Salman said that Saudi Arabia will build nuclear weapons if its regional rival Iran does, Reuters reports. He qualified that his country does not want to develop nuclear weaponry. The crown prince’s comments come as Saudi Arabia seeks to develop its civilian nuclear program in an effort to diversify the country’s oil-dominated economy. China, France, Russia, South Korea and the U.S. are currently in contention for the contracts to build Saudi Arabia’s first pair of nuclear reactors.
In a filing made at a federal court in Washington on Wednesday evening, Paul Manafort’s attorneys sought to dismiss all five charges against their client, Politico reports. The attorneys contended that the charges against Manafort—money laundering and not registering as a foreign agent—are deeply flawed due to “defects in the appointment of Special Counsel Robert Mueller.” Per Manafort’s attorneys, Deputy Attorney General Rod Rosenstein ceded the special counsel too much power when appointing him last year, effectively granting him “carte blanche.” Federal prosecutors argue that Manafort’s attorneys have no legal basis to dispute or challenge internal regulations at the Justice Department, which delegate work among federal attorneys and establish the scope of their powers.
A cyberattack against a petrochemical company in Saudi Arabia in August sought not just to seize or destroy company data or shut down the plant, but also to trigger an explosion, the Times reports. What prevented the explosion from occurring following the crash of the company’s technology was not the quality of its network defenses but rather a flaw in the hackers’ own coding. The U.S. government, its allies, and scholars fear that the hackers who undertook this cyberattack could replicate the assault at other industrial plants around the world that use the same American-engineered software compromised in this first onslaught. Investigators examining the August attack pointedly refuse to identify the company, organization, or government that launched the attack. Given the sophistication of the assault and the resources at the attackers’ disposal, however, cybersecurity experts conclude that the attack was abetted by a government.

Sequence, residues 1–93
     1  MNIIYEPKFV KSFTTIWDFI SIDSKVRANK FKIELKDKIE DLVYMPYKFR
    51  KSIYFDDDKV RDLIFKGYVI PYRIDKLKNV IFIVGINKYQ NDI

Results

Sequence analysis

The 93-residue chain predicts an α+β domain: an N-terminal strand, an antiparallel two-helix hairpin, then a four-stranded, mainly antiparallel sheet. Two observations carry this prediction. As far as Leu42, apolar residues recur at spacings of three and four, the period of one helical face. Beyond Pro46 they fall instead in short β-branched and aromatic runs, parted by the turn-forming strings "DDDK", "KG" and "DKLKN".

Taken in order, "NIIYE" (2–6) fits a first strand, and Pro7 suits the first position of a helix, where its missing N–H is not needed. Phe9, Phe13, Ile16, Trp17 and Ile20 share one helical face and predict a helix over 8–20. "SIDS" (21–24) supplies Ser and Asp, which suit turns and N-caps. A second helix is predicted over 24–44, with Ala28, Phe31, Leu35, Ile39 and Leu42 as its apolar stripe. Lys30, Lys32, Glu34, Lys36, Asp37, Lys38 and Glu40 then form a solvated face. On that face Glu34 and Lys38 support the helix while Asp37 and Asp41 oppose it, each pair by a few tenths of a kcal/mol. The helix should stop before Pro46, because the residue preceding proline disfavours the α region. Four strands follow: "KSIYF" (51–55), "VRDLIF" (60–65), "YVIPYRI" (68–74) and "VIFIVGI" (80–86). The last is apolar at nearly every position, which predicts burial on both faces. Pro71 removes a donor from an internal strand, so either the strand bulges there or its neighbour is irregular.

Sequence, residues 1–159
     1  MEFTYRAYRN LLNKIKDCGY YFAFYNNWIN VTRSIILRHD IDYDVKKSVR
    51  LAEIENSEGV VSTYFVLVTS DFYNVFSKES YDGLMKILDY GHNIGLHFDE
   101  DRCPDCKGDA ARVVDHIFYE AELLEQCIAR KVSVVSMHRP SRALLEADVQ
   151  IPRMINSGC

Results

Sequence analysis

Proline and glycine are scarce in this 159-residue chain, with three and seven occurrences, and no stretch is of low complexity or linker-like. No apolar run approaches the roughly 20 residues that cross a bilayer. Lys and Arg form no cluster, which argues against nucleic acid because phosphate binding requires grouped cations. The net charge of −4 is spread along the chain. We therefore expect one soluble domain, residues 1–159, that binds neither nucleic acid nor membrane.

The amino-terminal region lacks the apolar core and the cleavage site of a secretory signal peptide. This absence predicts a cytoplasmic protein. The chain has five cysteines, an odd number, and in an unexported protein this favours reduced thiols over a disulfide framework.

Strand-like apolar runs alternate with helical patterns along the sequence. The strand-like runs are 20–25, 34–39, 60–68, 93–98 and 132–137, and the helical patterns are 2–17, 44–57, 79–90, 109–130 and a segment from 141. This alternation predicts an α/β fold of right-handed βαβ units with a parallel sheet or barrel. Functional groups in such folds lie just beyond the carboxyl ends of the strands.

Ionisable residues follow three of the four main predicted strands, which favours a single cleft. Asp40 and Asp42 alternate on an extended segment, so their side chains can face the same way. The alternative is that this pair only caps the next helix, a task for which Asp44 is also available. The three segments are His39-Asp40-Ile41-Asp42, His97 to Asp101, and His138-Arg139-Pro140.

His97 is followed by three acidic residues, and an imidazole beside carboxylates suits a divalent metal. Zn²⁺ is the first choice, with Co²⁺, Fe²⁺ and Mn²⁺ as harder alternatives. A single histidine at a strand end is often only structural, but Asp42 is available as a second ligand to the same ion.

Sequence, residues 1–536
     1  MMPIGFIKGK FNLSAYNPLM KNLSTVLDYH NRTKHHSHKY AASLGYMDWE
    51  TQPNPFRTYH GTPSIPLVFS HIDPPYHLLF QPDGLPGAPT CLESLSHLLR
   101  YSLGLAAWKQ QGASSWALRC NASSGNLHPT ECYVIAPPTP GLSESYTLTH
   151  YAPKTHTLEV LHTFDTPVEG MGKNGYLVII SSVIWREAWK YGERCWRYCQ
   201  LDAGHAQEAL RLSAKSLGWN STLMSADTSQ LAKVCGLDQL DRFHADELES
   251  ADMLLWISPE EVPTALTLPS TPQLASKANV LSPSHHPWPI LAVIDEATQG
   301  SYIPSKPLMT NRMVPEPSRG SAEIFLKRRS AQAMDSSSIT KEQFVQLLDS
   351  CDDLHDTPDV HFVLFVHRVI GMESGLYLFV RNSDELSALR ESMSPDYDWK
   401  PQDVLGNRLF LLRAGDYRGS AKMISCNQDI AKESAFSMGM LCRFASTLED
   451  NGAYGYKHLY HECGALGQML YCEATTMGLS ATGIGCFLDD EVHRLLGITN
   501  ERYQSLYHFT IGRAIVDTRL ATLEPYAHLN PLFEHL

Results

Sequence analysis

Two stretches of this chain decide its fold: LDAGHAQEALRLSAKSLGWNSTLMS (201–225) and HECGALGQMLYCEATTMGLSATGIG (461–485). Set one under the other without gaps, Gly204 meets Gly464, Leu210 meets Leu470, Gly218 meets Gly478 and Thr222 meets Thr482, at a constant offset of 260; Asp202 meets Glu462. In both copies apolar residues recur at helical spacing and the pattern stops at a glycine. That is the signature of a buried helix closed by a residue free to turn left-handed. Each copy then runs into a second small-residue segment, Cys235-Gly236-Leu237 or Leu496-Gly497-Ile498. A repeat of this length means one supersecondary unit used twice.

ICYMI: Yesterday on Lawfare
William Ford shared the livestreams of and prepared testimony from congressional hearings on space warfighting readiness, Somalia’s security status, and protecting cutting-edge technology and U.S. national security.
Jennifer Daskal and Peter Swire argued that the CLOUD Act would enhance privacy and civil liberties protections.
Scott Anderson and Allison Murphy provided an overview of the Trump administration’s “Report on the Legal and Policy Frameworks Guiding the United States’ use of Military Force for National Security Operations.”
Cameron Kerry suggested that the president’s nominations of Edward Felten and Jane Nitze to the Privacy and Civil Liberties Oversight Board offer reason for optimism.
Matthew Kahn shared the administration’s unclassified “Report on the Legal and Policy Frameworks Guiding the United States’ Use of Military Force for National Security Operations.”